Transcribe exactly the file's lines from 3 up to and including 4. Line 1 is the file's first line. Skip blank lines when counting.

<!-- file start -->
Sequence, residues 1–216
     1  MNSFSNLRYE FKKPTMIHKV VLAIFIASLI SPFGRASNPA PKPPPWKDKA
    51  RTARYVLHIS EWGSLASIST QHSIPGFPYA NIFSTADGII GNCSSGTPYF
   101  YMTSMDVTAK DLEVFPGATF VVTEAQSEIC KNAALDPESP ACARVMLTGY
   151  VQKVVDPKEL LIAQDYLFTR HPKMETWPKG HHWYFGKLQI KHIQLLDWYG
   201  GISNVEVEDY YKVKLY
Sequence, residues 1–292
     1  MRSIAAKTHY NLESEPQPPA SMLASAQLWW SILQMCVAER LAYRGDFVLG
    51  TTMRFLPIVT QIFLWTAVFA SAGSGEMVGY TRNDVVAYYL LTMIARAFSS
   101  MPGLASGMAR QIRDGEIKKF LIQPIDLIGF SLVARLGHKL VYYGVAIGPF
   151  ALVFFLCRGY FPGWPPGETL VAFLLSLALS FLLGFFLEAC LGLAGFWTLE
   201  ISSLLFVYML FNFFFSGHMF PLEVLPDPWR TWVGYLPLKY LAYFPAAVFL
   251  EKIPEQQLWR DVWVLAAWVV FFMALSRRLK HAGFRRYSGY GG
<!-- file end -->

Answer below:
    51  RTARYVLHIS EWGSLASIST QHSIPGFPYA NIFSTADGII GNCSSGTPYF
   101  YMTSMDVTAK DLEVFPGATF VVTEAQSEIC KNAALDPESP ACARVMLTGY